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Chinese Visions of Family and State, 1915-1953

Chinese Visions of Family and State, 1915-1953

Susan L. Glosser
Foreword by Linda Kerber
Copyright Date: 2003
Pages: 296
https://www.jstor.org/stable/10.1525/j.ctt1ppsd7
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  • Book Info
    Chinese Visions of Family and State, 1915-1953
    Book Description:

    At the dawn of the twentieth century, China's sovereignty was fragile at best. In the face of international pressure and domestic upheaval, young urban radicals—desperate for reforms that would save their nation—clamored for change, championing Western-inspired family reform and promoting free marriage choice and economic and emotional independence. But what came to be known as the New Culture Movement had the unwitting effect of fostering totalitarianism. In this wide-reaching, engrossing book, Susan Glosser examines how the link between family order and national salvation affected state-building and explores its lasting consequences. Glosser effectively argues that the replacement of the authoritarian, patriarchal, extended family structure with an egalitarian, conjugal family was a way for the nation to preserve crucial elements of its traditional culture. Her comprehensive research shows that in the end, family reform paved the way for the Chinese Communist Party to establish a deeply intrusive state that undermined the legitimacy of individual rights.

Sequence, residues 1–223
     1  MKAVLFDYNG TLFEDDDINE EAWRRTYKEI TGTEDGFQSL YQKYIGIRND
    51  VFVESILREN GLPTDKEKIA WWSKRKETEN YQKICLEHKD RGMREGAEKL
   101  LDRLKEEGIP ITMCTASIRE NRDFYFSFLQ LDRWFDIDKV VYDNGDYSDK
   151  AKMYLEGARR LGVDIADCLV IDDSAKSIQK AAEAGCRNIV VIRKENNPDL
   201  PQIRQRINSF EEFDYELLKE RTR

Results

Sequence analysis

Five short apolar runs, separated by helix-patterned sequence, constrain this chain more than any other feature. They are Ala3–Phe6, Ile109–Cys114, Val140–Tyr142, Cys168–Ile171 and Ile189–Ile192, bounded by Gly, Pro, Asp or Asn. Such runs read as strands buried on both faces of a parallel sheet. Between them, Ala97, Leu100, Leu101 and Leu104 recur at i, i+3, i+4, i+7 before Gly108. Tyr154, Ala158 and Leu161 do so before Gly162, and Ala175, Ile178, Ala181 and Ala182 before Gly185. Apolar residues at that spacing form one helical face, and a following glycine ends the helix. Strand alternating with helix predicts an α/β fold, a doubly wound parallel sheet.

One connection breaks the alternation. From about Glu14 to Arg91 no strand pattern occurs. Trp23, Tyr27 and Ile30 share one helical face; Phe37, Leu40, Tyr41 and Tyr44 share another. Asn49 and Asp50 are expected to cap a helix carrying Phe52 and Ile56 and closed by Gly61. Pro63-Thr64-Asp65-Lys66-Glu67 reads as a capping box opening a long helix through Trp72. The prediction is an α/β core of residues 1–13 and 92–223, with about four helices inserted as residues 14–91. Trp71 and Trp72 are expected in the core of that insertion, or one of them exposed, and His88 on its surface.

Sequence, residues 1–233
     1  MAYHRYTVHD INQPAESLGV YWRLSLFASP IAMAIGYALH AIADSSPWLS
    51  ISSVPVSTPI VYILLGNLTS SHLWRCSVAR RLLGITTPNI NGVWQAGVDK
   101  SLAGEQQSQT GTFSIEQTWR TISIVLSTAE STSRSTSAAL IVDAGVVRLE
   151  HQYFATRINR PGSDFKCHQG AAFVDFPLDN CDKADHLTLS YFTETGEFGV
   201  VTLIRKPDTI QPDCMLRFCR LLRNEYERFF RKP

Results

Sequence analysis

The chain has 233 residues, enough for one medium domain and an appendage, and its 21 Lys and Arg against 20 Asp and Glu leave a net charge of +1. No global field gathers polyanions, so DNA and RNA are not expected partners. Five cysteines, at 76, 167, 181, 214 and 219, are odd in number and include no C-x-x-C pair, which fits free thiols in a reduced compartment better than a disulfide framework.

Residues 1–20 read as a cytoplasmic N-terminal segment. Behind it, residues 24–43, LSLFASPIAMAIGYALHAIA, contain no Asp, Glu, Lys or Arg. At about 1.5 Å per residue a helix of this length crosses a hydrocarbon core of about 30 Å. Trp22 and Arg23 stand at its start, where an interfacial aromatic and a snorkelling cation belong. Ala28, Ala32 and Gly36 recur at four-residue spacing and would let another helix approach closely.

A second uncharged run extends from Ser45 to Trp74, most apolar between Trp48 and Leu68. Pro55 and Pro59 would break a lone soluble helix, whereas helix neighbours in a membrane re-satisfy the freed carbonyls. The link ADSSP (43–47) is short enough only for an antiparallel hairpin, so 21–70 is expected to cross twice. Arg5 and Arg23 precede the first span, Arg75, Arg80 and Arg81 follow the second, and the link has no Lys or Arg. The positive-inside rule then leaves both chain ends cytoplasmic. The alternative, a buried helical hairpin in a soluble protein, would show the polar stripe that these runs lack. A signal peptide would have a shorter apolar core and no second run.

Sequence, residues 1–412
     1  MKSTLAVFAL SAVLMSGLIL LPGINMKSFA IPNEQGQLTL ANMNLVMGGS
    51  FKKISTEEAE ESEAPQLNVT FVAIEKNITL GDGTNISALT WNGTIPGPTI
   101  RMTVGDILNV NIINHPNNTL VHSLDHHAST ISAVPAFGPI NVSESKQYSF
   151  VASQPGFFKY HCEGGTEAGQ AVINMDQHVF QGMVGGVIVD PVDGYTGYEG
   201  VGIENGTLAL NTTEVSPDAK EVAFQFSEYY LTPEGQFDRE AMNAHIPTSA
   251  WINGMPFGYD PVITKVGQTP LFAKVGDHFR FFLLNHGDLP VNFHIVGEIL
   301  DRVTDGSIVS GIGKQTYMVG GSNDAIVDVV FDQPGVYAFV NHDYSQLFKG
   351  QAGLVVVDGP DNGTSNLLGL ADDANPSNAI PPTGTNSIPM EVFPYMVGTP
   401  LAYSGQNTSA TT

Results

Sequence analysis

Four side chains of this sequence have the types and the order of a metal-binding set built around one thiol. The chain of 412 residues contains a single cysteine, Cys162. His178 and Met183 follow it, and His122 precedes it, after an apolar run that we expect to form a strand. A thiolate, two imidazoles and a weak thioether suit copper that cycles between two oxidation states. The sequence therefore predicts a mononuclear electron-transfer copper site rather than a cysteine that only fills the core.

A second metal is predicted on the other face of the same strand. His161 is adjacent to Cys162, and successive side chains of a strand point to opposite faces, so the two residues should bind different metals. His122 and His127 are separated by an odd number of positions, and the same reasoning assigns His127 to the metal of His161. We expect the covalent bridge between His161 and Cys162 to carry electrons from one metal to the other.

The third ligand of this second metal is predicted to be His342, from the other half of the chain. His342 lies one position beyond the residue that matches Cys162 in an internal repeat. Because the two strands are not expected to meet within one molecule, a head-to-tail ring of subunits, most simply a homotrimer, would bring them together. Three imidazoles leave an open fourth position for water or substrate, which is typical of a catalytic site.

eISBN: 978-0-520-92639-4
    Subjects: History

Table of Contents

  1. Front Matter
    (pp. i-iv)
  2. Table of Contents
    (pp. v-vi)
  3. List of Tables and Figures
    (pp. vii-viii)
  4. Foreword
    (pp. ix-xiv)
    Linda K. Kerber

    Whether we credit it to globalism or cosmopolitanism, the need to reach out of the archives of a single nation and to explore themes that are shared across cultural boundaries has invigorated much recent scholarship. Marxist historians led the way. Perhaps this was because Marxist theory offered a structure for explaining the historical relation of worker to capitalist that refused to see the differences between national histories as absolute. Practitioners of this sort of history thought in terms of structures that allowed for a shared and comparative history; the same theoretical apparatus could be employed whether the labor relations were...

  5. Acknowledgments
    (pp. xv-xviii)
  6. Chronology
    (pp. xix-xxii)
  7. Introduction: Evolve or Perish
    (pp. 1-26)

    Confronted with foreign aggression and internal chaos, in 1915 China’s young urban intellectuals launched a vociferous attack on traditional Chinese culture. Their radical reevaluation of China’s political and cultural institutions, a reevaluation later known as the New Culture Movement, lasted eight years and addressed almost every aspect of Chinese society. Blaming traditional institutions for China’s perilous circumstances, these young radicals proposed a number of Western-inspired reforms. Of these, one of the most important was family reform. In place of arranged marriage and patriarchal control, they promoted free marriage choice, companionate marriage, and economic and emotional independence from the family. In...

  8. CHAPTER 1 Saving Self and Nation: The New Culture Movement’s Family-Reform Discourse
    (pp. 27-80)